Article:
The Bitter Smack of Belarusian Language

This month an advertising campaign that may puzzle foreign observers was launched in Minsk.  Advertising company “Belzneshreklama” began to advertise the Belarusian language. Their posters show various berries and Belarusian names for them. And what is more unusual - they also decided to display the Russian translation.

The title of the campaign is: “The taste of the Belarusian language”. One would think that Belarusians would know how their language tastes and need no reminders about it. However, a population census in 2009 showed that only 30% of Belarusians speak Belarusian every day.  Understanding the language situation in Belarus is difficult for foreigners.

Coming to Minsk for the first time, one might think that Russian is the only language spoken in the country. Until the newcomer gets lost when he wants to get out at “Oktjabrskaja" underground station and does not understand that he should have done so when “Kastrychnickaja” was announced. Stations are announced only in Belarusian on public transportation which may create difficulties for those who speak only Russian. 

While Belarus has two official languages, Russian dominates in the capital. Belarusian TV is in mainly in Russian (except for a negligible number of programmes), the same is true for print media. Belarusian, or rather a mixture of Russian or Polish and Belarusian called “Trasianka,” is spoken mainly in the countryside, depending on the geographical situation of the village.

Belarusian was the only official language in the country until the referendum in 1995. Since then, the use of the Belarusian language has become a political issue. The pro-Russian government of Lukashenka stigmatized Belarusian-speakers as radical opposition activists. This policy has changed with the cooling down between Russia and Belarus. After the gas conflict in 2007, the authorities cautiously started promoting the Belarusian language as a characteristic of Belarusian national identity.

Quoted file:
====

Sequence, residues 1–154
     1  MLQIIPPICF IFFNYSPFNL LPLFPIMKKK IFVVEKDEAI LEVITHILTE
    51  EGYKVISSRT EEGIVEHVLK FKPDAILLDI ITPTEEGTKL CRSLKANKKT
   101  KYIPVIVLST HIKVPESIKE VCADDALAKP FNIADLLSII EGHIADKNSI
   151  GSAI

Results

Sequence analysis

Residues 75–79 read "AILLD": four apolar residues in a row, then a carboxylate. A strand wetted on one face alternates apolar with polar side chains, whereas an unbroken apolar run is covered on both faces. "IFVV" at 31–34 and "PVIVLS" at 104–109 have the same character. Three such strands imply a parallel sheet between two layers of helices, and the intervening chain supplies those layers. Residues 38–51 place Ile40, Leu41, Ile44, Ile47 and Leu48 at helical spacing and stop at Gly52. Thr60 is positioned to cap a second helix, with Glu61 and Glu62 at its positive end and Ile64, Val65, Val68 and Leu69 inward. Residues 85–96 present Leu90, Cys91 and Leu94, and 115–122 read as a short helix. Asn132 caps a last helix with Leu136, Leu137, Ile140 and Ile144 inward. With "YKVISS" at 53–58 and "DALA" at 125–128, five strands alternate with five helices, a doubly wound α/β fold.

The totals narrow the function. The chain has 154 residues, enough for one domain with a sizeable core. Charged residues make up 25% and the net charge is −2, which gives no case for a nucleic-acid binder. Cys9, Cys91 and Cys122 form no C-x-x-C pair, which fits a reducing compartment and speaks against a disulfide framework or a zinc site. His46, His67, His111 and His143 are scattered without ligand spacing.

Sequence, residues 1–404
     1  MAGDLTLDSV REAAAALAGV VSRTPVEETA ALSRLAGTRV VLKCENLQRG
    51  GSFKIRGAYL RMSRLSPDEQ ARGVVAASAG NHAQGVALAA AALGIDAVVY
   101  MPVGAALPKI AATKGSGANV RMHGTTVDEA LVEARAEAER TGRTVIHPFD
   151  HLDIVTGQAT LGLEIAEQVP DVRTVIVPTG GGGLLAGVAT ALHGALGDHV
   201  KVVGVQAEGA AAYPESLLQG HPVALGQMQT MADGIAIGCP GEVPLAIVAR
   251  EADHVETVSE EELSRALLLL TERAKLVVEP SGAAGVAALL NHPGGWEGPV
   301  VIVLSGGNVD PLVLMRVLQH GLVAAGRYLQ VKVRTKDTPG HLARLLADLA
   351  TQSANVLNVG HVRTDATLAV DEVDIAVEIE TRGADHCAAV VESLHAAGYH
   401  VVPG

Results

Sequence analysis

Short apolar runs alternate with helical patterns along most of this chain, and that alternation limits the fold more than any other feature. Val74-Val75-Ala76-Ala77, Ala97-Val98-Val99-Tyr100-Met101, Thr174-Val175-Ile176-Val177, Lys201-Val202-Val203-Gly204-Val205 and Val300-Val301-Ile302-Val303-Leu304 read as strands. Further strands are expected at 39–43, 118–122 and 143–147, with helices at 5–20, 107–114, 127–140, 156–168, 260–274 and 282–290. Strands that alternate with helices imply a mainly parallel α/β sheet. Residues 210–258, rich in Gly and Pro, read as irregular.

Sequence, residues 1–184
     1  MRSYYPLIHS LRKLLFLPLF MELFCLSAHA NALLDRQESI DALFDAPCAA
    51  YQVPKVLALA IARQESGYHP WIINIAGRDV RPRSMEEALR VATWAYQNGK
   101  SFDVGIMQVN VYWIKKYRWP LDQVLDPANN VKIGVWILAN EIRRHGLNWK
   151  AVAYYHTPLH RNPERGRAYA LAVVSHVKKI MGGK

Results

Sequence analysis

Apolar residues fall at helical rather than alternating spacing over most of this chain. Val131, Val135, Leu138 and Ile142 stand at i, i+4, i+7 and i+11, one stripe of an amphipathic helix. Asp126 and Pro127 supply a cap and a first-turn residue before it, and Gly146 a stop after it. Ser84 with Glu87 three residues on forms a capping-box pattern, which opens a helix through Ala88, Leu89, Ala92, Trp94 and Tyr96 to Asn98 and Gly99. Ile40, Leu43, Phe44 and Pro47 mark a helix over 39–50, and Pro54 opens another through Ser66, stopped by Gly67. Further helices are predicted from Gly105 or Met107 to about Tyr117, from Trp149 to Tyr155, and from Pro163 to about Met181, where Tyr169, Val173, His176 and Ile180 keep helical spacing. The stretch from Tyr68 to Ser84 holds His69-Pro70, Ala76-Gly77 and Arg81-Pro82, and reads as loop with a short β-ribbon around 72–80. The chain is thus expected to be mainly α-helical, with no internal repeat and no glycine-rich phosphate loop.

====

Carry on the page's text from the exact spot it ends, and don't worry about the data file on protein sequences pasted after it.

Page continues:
Still, it appears that in 2011 instead of putting up some posters, a broader approach is needed to foster the use of the Belarusian language. Generations of Belarusians have grown up in a Russian-speaking environment and have been socialized in a russophone educational system. There is only half a generation of young people that have gone to school between 1991 and 1995, when Belarusian was the first language.

However, there seems to be no serious intention to create a Belarusian-speaking environment. Most of the mass media continue to broadcast in Russian - with very few exceptions. It is very difficult to find literature for children in Belarusian. As a result, those few parents who want to raise Belarusian-speaking children buy books for children in Russian and translate them into Belarusian themselves. As a consequence, most children learn Belarusian as a foreign language when they go to school.

These days only 2% of children in Minsk attend a Belarusian-speaking school. In the whole country, only 19% of pupils are taught in Belarusian.  These numbers have decreased significantly since 2001 and it reveals that there is no clear tendency towards promotion of the Belarusian language.

In order to prevent Belarusian from disappearing, more than a small number of activists are needed. A language lives through its speakers. It must come naturally to the Belarusians to speak their beautiful language. The more people speak it - the more often it will be heard in the streets. And one day, people will stop turning their heads in astonishment when they hear a foreigner speak Belarusian in the streets.

Nadine Lashuk



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